Karol G kept things G-rated for the majority of her adult life. A few days before the release of the 26-year-old’s debut album, she finally felt like she could reveal her true self to the world. In late October, the Colombian musician took to her Instagram, where she has 3.5 million followers, to post a picture of herself topless in a bathtub wearing only a tiny black bikini bottom. “The hardest part of any process is learning to love yourself more than anyone. From that love comes confidence and success,” read her caption on the pic, which racked up more than 350,000 likes.
“My phone exploded,” says the Latin star, lying on a white rug at a recording studio in North Miami. “Everyone” — including her family, management and label — “was in a tizzy over that photo. But I didn’t take it down.” It’s a far cry from where she was just a year ago, when she considered the idea of becoming a bit more risqué, like Nicki Minaj, a no-no. “A lot of kids follow me,” she told Billboard at the time, blushing. “I have to be careful.”
But times have changed. Alongside Latin artists like Becky G and Natti Natasha, the Medellín native (born Carolina Giraldo) is tapping into her sexuality as she pursues mainstream success — a counter to the male-driven dominance in Latin music. The approach is working: The video for the trap-inspired “Ahora Me Llama,” featuring rapper Bad Bunny, has been viewed over 500 million times on YouTube, while the single, her third on Billboard’s Hot Latin Songs chart, rose to become her first top 10 with help from a remix featuring Migos’ Quavo. (Shakira was the only woman in a lead role to reach the top 10 of the Hot Latin Songs chart until Becky G, Natasha and Karol G reached that frame starting in October.)
“If you look at the ‘Casi Nada’ video, I’m, like, a good girl,” she says, referring to an older song and its March 2016 visual where she’s all smiles, clutching a puppy while brushing off the paparazzi. “Every day, I feel I can do more things — not as a character but as myself.”
Describing her sound as “urban pop,” Karol G started in music 12 years ago, when she first appeared, at age 14, as a contestant on Colombia’s X Factor. Her songs then were decidedly pop. In the years that followed, she put out one-off singles and discovered the burgeoning reggaetón scene in her native Medellín, collaborating with local acts and signing with Universal Latin in January 2016. The pivot to urban and a confident, powerful voice on the cusp of crossover stardom is evident on her debut album, Unstoppable, which was released Oct. 27. The 13-track set features “Hello,” which spawned a video (with over 112 million views on YouTube) where she picks up featured act Ozuna, the Latin reggaetón star, at a club and the next day sabotages his wedding.
Many of the songs on Unstoppable stem from a breakup, although Karol G won’t disclose much about her ex except that he’s not in the music industry. (“Breaking up was the best thing that could have happened to me in order to [make] this album,” she says.) The reaction from fans — she estimates that 70 percent are women — to her edgier look and more personal songs has been mixed, but Karol G considers all feedback a win. “To have a woman follow you, buy a ticket and sing your songs? That’s really my mission with this project.”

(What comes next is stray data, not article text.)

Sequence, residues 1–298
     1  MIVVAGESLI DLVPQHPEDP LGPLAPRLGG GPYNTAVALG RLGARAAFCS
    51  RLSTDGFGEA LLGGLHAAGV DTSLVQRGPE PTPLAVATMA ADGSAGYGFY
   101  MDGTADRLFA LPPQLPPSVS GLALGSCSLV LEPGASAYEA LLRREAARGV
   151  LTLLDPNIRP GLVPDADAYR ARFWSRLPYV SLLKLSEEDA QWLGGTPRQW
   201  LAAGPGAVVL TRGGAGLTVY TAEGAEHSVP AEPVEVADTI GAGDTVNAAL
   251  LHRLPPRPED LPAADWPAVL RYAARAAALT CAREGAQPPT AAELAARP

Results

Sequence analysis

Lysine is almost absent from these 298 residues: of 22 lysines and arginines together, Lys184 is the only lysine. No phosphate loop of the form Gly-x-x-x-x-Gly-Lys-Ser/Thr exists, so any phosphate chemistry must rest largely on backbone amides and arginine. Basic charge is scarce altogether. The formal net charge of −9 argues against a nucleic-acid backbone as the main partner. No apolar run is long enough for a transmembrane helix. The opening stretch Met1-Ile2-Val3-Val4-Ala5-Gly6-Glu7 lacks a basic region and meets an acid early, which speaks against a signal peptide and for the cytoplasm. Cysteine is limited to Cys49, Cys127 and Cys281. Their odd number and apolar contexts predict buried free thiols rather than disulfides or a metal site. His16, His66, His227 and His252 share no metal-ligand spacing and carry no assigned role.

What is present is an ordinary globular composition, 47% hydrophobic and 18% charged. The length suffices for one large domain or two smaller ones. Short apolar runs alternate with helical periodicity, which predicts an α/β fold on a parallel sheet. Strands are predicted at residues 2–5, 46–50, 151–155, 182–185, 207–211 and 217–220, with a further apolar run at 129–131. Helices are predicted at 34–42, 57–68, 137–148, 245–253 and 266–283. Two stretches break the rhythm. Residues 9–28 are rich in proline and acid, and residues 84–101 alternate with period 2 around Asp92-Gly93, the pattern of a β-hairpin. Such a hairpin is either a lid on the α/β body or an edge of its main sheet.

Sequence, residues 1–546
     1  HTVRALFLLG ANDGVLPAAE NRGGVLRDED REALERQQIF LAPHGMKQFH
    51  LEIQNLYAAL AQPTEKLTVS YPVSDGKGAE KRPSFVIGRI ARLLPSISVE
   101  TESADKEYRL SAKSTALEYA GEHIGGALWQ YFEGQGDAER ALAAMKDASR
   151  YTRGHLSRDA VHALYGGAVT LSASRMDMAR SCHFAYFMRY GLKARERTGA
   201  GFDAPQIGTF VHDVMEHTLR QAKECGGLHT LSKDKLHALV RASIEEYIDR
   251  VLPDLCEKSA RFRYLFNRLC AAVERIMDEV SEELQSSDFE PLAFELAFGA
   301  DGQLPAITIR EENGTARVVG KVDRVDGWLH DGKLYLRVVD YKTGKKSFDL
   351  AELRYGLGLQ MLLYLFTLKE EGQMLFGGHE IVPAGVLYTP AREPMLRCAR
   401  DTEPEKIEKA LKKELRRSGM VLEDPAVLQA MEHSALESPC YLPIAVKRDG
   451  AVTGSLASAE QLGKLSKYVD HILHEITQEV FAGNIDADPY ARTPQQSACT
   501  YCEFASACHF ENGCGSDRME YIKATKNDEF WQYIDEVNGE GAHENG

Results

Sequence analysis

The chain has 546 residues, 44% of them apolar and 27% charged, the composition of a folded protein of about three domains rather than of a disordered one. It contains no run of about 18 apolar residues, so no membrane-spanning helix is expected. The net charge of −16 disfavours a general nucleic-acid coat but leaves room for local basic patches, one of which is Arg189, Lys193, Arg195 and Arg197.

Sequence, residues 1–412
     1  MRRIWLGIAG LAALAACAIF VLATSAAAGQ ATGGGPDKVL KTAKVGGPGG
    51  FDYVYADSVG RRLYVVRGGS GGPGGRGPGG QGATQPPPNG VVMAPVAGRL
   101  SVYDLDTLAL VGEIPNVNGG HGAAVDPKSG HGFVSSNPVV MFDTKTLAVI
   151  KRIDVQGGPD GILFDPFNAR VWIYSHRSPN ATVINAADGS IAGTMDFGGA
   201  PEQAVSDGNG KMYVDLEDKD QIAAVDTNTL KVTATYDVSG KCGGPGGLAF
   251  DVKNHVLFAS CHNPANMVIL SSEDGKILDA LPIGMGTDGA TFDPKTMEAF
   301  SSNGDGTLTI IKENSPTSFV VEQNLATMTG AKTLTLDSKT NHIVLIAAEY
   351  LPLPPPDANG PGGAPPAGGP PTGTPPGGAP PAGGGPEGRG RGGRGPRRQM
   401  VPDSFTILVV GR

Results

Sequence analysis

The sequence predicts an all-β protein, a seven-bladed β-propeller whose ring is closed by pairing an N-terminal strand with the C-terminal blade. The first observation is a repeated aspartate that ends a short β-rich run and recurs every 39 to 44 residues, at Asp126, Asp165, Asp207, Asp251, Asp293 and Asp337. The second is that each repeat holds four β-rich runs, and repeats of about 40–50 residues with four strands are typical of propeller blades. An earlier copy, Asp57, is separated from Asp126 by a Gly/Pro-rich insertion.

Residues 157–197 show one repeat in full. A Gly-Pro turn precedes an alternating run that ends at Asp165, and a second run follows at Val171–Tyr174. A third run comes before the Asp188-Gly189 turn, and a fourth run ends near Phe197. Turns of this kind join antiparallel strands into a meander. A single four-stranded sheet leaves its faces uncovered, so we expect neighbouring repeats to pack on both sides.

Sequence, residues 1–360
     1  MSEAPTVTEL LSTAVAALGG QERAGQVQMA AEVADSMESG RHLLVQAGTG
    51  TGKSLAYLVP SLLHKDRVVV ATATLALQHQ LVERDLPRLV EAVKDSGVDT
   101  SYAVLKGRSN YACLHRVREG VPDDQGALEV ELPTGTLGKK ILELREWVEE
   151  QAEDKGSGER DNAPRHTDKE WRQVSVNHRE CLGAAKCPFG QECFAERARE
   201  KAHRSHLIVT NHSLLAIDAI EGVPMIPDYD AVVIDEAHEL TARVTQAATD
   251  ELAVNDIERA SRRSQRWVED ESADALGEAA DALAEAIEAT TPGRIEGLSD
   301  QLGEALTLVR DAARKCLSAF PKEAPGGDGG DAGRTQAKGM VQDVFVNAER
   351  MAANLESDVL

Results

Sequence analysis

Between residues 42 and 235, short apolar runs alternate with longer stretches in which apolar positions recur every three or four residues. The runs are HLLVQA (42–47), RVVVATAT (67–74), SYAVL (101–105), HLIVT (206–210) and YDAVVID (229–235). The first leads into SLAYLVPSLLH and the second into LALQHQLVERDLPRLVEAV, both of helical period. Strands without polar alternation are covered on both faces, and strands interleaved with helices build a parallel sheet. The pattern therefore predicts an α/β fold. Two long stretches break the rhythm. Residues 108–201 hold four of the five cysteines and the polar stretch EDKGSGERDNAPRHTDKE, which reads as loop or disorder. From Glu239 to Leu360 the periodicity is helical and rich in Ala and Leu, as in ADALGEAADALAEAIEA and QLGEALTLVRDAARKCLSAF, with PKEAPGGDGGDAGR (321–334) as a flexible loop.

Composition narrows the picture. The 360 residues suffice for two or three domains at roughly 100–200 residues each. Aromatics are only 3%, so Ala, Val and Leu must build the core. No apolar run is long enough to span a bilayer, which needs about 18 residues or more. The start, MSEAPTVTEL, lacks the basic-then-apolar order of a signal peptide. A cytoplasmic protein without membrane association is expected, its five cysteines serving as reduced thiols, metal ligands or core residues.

J Balvin, who recently tapped Beyoncé for a remix to his smash crossover hit “Mi Gente,” sees Karol G’s progression to the front lines in a male-dominated field as a testament to her talents. “Karol is an example of discipline, self-improvement, of always moving forward,” says Balvin, who publicly endorsed her music early in her career and helped introduce her to producers and fellow artists. “She’s always dreamed about music, and now it’s a reality. She represents new blood among female artists, and she’s an inspiration to all those who dream of doing this.”
The growing presence of women in Latin urban pop music contrasts with when Karol G was getting her start and women were mostly absent for many reasons, including the sexualized content of male-driven material. She’s aware that the barriers to success are greater in a male-dominated genre, and she’s ready to address them. “I do feel [that], hey, I’m a woman, and I’m going to bring the delicate part, the feminine part, the sexy part that’s missing.”
Through her vivid visuals and evocative sound, Karol G realizes that with the growing presence of Latin artists in the top 40, the lane is open for women to level the playing field in Latin music. “It’s time,” she says. “There’s a strong wave of songs by women. Even if the songs are collabs, women have the intro and the chorus, which is what people can sing. We’re getting the credibility, the spaces in the award shows, and people want to hear our point of view. This can only get bigger.”
Latin’s Fiercer Sex
After a sizzling performance in October at the Latin AMAs (which she also hosted), the 20-year-old got her first top five on Hot Latin Songs with the racy “Mayores” (Sony Music Latin), a song about liking older men, featuring Bad Bunny. “I wanted people to talk,” she tells Billboard. “And I wanted people to see I am growing. I am a woman now.”
The Dominican reggaetón/pop singer, 30, spent time on the top 10 of Hot Latin Songs in 2012 with Don Omar’s “Dutty Love,” and is signed to his Orfanto Music Group imprint. She recently returned with “Criminal,” a sultry track featuring Ozuna, whose video has nearly 500 million views on YouTube.
?At just 14 years old, Trevejo got her start as a social media star — she has 4.7 million followers on her Instagram account — before signing with UMLE imprint In-Tu-Linea. Her debut single, “Luna Llena,” a danceable pop track with a reggaetón beat, entered Hot Latin Songs at No. 27.
This article originally appeared in the Nov. 18 issue of Billboard.